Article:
surviving-your-first-year-on-the-road

Surviving tips and advices for all newbie truckers

Your first year on any job is going to be bumpy for a while, and the same goes for your first year as a professional truck driver. You’re going to need some time to learn the ropes, but until you do you need to figure out a way to catch on quickly. Luckily, you have us and our trusty blog to help you through that messy first year of driving a truck.

Depending on the company you work with, you will have more or less control over the route you are supposed to take, which means that you might have to help plan the route.

This is a great chance to prove that you can operate in a timely manner. Both your employer and the person you are delivering goods to will appreciate you leaving and arriving on time.

That being said, it does not mean that cutting corners is advisable or even allowed. You need to work on your time management skills within the given set of rules which apply to you as a professional truck driver. This means that you have to plan your stops wisely and carefully, and always be prepared for the worst-case scenario (for example, leaving enough time in case you have to fight traffic). You will never be able to predict the future and be prepared for every situation, but it never hurts to have a plan, because if you prepare for the worst and everything goes smoothly, you’ll end up with a bit of extra time and probably arrive a bit early at your destination (which is always better than being late).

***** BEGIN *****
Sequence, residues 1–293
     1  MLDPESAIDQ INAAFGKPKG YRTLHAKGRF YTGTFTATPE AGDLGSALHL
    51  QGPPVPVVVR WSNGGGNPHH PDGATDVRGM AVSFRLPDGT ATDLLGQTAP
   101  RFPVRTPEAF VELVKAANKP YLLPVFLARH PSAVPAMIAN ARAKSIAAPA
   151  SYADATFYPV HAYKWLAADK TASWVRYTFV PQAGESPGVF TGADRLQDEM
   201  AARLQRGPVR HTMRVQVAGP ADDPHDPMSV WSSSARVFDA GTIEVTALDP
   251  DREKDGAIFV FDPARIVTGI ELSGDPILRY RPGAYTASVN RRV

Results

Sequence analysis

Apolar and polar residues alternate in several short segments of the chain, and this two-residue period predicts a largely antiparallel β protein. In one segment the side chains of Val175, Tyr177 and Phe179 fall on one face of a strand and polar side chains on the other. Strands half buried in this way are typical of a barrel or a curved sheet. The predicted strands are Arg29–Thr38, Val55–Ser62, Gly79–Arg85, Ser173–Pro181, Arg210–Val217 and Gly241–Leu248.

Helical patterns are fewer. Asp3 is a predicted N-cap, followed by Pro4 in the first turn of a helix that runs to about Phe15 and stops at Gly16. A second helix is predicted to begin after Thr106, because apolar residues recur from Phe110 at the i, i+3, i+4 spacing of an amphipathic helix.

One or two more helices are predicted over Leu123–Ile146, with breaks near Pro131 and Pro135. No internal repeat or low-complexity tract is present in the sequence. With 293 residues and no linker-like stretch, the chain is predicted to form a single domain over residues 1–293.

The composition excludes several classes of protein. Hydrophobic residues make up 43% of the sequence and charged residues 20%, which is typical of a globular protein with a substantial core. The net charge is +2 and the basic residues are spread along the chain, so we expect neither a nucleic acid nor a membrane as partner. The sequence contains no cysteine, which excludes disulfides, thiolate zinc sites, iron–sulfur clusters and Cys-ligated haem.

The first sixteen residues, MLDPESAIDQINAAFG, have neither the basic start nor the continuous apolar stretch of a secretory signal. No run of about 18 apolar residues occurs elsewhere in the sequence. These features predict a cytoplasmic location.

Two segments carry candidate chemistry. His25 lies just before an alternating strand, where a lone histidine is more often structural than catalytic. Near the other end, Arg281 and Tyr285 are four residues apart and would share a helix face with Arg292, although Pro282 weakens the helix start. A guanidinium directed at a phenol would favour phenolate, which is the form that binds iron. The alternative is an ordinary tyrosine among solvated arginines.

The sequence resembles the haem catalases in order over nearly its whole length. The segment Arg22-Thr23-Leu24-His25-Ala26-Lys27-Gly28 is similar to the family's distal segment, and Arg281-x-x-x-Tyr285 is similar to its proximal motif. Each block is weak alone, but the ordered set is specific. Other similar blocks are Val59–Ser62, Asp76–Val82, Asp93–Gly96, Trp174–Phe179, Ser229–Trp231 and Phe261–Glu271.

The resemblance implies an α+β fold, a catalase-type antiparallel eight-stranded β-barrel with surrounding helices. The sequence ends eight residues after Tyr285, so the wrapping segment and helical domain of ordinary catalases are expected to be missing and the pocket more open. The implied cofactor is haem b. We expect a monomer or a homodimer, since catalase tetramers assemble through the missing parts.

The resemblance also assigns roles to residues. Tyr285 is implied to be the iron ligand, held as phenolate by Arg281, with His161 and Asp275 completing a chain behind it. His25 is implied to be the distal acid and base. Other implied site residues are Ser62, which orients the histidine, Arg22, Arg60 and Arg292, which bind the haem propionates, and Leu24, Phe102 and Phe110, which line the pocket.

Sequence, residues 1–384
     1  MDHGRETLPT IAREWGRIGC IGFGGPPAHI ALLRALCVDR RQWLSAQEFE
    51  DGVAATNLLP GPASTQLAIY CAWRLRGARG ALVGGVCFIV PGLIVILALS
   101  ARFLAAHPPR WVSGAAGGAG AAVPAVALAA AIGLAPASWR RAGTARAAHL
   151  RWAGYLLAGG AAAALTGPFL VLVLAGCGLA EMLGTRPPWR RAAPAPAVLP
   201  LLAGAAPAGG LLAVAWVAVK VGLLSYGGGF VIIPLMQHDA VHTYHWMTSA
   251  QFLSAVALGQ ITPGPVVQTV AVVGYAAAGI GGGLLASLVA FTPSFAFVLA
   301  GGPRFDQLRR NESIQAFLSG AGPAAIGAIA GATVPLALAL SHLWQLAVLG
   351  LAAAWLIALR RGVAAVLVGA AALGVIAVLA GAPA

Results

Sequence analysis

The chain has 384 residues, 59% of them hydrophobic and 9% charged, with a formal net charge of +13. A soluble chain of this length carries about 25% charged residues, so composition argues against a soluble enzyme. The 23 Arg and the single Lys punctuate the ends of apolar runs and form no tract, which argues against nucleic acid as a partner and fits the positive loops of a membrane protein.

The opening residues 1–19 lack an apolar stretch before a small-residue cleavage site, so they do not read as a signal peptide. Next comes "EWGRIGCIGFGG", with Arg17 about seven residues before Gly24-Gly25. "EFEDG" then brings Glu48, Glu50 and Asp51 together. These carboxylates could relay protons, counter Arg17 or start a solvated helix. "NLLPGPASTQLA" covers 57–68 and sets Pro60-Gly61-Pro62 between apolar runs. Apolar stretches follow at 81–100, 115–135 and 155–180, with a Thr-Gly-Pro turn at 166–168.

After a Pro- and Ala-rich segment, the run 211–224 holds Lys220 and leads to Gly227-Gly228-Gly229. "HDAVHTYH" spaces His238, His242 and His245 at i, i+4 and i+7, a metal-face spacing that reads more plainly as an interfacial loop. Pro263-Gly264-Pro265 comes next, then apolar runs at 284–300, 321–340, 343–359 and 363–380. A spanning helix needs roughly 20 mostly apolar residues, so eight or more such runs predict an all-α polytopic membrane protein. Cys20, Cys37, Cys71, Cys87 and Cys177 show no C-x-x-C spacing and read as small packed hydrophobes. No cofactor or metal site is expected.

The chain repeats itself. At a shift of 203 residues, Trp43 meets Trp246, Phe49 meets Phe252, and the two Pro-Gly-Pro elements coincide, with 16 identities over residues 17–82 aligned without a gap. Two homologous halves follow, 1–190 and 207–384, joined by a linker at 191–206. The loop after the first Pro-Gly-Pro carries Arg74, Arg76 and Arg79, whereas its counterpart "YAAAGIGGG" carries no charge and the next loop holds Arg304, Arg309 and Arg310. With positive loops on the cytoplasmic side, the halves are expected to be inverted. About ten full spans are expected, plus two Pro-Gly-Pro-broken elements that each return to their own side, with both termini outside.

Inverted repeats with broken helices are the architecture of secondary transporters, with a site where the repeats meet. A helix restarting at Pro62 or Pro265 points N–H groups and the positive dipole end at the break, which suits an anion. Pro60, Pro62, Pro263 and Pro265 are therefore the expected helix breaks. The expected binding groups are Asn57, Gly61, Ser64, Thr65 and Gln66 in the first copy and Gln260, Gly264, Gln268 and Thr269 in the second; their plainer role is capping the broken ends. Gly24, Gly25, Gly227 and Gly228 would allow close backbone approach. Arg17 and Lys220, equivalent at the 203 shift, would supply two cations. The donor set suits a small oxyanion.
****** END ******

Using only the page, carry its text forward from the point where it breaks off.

Communication is Key

Sometimes, no matter how hard you try to control and plan everything, things just take a turn for the worse. Even if you do manage to leave some extra, just-in-case time there is nothing you can do if a load takes 5 instead of 2 hours to be unloaded, or if your truck breaks down 100 miles from your destination. It’s not your fault the pump at the station is broken or you can’t pump fuel in your truck because there won’t be any diesel for another 3 hours, so there’s really no need to panic about it. Take a deep breath, stay calm, and focus on the steps you can take to minimize the damage.

Whether the reason for the delay is your fault or not, your superiors and your dispatcher need to hear about it, because chances are they have come up against that issue a million times already and know how to guide you through the process and help. It’s important to stay calm and focused, even if the person you are talking to is upset; it’s most likely only their initial reaction, so don’t take it to heart because arguing will only make things worse. Instead, offer to help any way you can. Be part of the solution, not the problem.

This isn’t the only type of communication you should do while on the road, however. As a professional truck driver, you will be spending a lot of time away from your loved ones, and you need to make an effort to keep in touch. Your family can give you the best support when you are stressed or lonely, and remember - they miss you too, and they want to see you and hear from you as well. With today’s technology, it’s very easy to communicate with your friends and family all over the country.

Be Prepared to Get Lost